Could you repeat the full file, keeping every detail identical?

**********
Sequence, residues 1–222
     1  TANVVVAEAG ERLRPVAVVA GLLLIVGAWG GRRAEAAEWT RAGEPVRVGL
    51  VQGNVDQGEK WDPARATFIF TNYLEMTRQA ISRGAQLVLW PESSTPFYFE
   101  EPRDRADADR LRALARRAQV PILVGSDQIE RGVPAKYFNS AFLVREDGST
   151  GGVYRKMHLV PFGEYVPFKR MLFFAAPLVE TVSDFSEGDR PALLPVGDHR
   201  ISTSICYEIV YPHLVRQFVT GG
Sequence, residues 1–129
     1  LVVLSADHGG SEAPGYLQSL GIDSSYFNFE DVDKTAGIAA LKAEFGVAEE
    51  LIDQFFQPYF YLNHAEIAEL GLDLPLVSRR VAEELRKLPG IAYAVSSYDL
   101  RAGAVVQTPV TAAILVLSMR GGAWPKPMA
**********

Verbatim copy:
Sequence, residues 1–222
     1  TANVVVAEAG ERLRPVAVVA GLLLIVGAWG GRRAEAAEWT RAGEPVRVGL
    51  VQGNVDQGEK WDPARATFIF TNYLEMTRQA ISRGAQLVLW PESSTPFYFE
   101  EPRDRADADR LRALARRAQV PILVGSDQIE RGVPAKYFNS AFLVREDGST
   151  GGVYRKMHLV PFGEYVPFKR MLFFAAPLVE TVSDFSEGDR PALLPVGDHR
   201  ISTSICYEIV YPHLVRQFVT GG
Sequence, residues 1–129
     1  LVVLSADHGG SEAPGYLQSL GIDSSYFNFE DVDKTAGIAA LKAEFGVAEE
    51  LIDQFFQPYF YLNHAEIAEL GLDLPLVSRR VAEELRKLPG IAYAVSSYDL
   101  RAGAVVQTPV TAAILVLSMR GGAWPKPMA